Call Number Serial 1144  
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Author (up) Rahube, T.O.; Yost, C.K. file  url
  Title Characterization of a mobile and multiple resistance plasmid isolated from swine manure and its detection in soil after manure application Type Journal Article
  Year 2012 Publication Journal of Applied Microbiology Abbreviated Journal J Appl Microbiol  
  Volume 112 Issue 6 Pages 1123-1133  
  Keywords Animals; Bacteria/genetics/metabolism; Culture Media/chemistry; *Drug Resistance, Multiple; Erythromycin/metabolism; Manure/*microbiology; Plasmids/analysis/*genetics; *Soil Microbiology; *Sus scrofa; Tetracycline Resistance  
  Abstract AIMS: To isolate and characterize multiple antibiotic resistance plasmids found in swine manure and test for plasmid-associated genetic markers in soil following manure application to an agricultural field. METHODS AND RESULTS: Plasmids were isolated from an erythromycin enrichment culture that used liquid swine manure as an inoculant. Plasmids were transformed into Escherichia coli DH10beta for subsequent characterization. We isolated and DNA sequenced a 22 102-bp plasmid (pMC2) that confers macrolide, and tetracycline resistances, and carries genes predicted to code for mercury and chromium resistance. Conjugation experiments using an pRP4 derivative as a helper plasmid confirm that pMC2 has a functional mobilization unit. PCR was used to detect genetic elements found on pMC2 in DNA extracted from manure amended soil. CONCLUSIONS: The pMC2 plasmid has a tetracycline-resistant core and has acquired additional resistance genes by insertion of an accessory region (12 762 bp) containing macrolide, mercury and chromium resistance genes, which was inserted between the truncated DDE motifs within the Tn903/IS102 mobile element. SIGNIFICANCE AND IMPACT OF THE STUDY: Liquid swine manure used for manure spreading contains multiple antibiotic resistance plasmids that can be detected in soil following manure application.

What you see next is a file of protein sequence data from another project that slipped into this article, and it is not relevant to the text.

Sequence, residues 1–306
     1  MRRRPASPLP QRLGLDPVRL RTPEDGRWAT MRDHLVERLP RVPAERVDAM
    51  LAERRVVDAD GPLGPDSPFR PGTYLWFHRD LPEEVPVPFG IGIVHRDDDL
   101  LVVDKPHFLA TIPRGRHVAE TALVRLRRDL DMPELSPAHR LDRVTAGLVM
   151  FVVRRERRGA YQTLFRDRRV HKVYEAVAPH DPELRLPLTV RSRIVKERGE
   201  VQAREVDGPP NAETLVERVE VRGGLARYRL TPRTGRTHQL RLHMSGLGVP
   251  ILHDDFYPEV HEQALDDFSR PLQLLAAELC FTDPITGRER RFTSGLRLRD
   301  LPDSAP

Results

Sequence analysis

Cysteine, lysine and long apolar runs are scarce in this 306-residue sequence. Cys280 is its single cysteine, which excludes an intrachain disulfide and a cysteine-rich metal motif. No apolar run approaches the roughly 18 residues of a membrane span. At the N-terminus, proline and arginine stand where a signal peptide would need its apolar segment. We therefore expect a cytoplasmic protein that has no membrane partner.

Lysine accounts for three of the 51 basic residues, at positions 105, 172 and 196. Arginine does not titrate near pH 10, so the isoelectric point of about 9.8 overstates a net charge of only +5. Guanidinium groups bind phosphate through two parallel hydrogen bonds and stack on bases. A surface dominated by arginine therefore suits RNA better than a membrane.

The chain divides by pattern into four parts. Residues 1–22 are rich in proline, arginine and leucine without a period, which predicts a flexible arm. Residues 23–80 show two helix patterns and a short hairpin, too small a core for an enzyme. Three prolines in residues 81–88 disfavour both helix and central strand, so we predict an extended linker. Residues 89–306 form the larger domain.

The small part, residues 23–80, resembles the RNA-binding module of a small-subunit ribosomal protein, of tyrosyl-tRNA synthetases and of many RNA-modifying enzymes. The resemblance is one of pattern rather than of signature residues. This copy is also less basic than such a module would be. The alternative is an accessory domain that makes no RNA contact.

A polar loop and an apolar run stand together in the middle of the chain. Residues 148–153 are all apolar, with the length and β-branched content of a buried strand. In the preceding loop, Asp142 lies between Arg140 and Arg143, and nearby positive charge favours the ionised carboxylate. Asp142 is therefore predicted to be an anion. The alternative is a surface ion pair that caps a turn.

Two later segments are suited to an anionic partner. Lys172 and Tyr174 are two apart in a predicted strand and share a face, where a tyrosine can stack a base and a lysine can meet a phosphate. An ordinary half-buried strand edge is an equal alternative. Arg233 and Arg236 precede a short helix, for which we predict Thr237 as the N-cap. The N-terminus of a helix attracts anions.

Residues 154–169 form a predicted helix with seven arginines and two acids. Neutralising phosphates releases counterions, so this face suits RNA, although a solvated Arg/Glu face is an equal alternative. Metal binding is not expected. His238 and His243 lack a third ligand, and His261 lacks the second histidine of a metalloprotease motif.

Call Number Serial 1958  
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Author (up) Teuber, M. file  url
  Title Veterinary use and antibiotic resistance Type Journal Article
  Year 2001 Publication Current Opinion in Microbiology Abbreviated Journal Curr Opin Microbiol  
  Volume 4 Issue 5 Pages 493-499  
  Keywords Agriculture; Animals; *Animals, Domestic; Anti-Bacterial Agents/administration & dosage/*pharmacology/therapeutic use; Bacteria/*drug effects; *Drug Resistance, Bacterial; Drug Utilization; Humans; *Veterinary Drugs; *Veterinary Medicine  
  Abstract Globally, an estimated 50% of all antimicrobials serve veterinary purposes. Bacteria that inevitably develop antibiotic resistance in animals comprise food-borne pathogens, opportunistic pathogens and commensal bacteria. The same antibiotic resistance genes and gene transfer mechanisms can be found in the microfloras of animals and humans. Direct contact, food and water link animal and human habitats. The accumulation of resistant bacteria by the use of antibiotics in agriculture and veterinary medicine and the spread of such bacteria via agriculture and direct contamination are documented.  
  Call Number Serial 1671